Claudius, born around 10 BCE and ruler of the Roman Empire between the years 41 and 54 CE, had an unlucky, scandalous and, eventually, deadly love life. Difficult relationships were just another burden faced by the ill-fated emperor. Almost every ancient source claimed that Claudius suffered from significant health ailments, causing noticeable symptoms such as limping, tremors and foaming at the mouth. While many quick-judging people thought that a dull mind was another result of his illness, Claudius actually exhibited an astute intellect, becoming an accomplished historian and a competent, even ruthless, administrator. Regardless of this, Claudius was undeniably luckless with women.
Claudius, according to the ancients, was unsuccessfully betrothed to at least two women and later married four times. Little is known about the two betrothals, yet one of these women supposedly died on the day of the wedding because of some form of illness. The wedding with his other bride-to-be was called off after her family was swept into disgrace by the tides of politics. Next, Claudius successfully married a woman named Urgulanilla, but that marriage ended after she was charged with adultery and, possibly, even murder. Claudius’ second bride was Aelia Paetina, but, as happened in the earlier betrothal, they divorced for political reasons.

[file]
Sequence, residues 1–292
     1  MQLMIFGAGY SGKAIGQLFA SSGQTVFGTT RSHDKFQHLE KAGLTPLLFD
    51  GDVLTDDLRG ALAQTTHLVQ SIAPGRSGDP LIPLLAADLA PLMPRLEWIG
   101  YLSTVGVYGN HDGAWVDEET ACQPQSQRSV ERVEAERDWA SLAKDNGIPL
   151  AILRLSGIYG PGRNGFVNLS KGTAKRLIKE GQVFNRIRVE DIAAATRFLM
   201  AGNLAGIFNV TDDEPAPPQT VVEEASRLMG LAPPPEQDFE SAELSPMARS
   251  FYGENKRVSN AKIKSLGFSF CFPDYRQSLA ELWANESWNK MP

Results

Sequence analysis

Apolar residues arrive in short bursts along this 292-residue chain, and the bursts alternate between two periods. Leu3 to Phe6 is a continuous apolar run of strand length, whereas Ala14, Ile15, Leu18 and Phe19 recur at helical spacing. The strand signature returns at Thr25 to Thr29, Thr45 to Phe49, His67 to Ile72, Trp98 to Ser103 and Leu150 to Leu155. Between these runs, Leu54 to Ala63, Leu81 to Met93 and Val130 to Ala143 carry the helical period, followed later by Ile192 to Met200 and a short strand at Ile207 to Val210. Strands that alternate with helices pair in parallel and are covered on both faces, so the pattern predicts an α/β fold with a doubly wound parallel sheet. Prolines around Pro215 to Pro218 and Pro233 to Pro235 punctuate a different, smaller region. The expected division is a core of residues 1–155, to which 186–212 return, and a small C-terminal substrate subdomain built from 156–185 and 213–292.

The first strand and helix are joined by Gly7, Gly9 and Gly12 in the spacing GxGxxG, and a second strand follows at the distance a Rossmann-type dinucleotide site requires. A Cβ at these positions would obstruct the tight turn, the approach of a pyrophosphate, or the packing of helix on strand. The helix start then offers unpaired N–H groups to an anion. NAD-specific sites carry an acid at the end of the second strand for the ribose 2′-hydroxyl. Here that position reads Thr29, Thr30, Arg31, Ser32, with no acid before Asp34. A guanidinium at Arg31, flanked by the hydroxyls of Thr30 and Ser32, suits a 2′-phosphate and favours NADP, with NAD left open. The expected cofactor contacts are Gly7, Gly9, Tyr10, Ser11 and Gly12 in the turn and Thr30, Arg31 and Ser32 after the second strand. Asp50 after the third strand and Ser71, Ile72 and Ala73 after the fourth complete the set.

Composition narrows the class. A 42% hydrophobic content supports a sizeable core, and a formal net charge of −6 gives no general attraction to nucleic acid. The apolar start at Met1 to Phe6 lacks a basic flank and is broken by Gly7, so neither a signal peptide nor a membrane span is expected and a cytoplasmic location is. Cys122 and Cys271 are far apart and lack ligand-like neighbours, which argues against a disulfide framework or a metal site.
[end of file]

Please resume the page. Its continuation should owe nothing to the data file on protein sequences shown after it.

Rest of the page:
The final two wives of Emperor Claudius were particularly scandalous. Before ascending to the throne in the year 41, Claudius had taken Valeria Messalina as his third wife. The two were technically cousins—Augustus’ sister, Octavia, was both Claudius’ grandmother and Messalina’s great-grandmother. Despite this, they had a fruitful marriage, producing two children, Britannicus and Octavia. Yet, Messalina was also allegedly prone to extramarital affairs. In the year 48, Messalina was said to have become so enthralled with a certain Gaius Silius (supposedly the handsomest man in Rome at the time) that she allegedly married him despite her preexisting marriage with the emperor. They were supposedly going to usurp power from Claudius and place Britannicus on the throne. Nevertheless, Emperor Claudius heard of the scandal and executed Messalina and Silius, along with anyone else who aided in the affair.
The next year he married Agrippina the Younger. This marriage was even more incestuous than the last—as the daughter of Claudius’ brother, Germanicus, Agrippina was the emperor’s niece. The idea of a man marrying his own niece was so uncommon in ancient Rome that Claudius allegedly had to have it legalized before he could legitimately marry Agrippina. Interestingly, this was not Agrippina’s first marriage; she was a widow with a son named Lucius Domitius Ahenobarbus. Around the year 50, Emperor Claudius adopted Agrippina’s son into the immediate royal family and gave him the infamous name of Nero. After securing her son’s position as heir to the empire, Agrippina was said to have assassinated Emperor Claudius, in the year 54, by feeding him poisonous mushrooms, clearing the way for Nero’s ascension to power.
Written by C. Keith Hansley.
Picture Attribution: (left—Messalina holding Britannicus, Marble, ca. 45 AD, center— 1st-century portrait of Roman Emperor Claudius, right—1st-century bust said to be of Agrippina the Younger, all [Public Domain] via Creative Commons).
- The Annals of Imperial Rome by Tacitus, translated by Michael Grant. New York: Penguin Classics, 1996.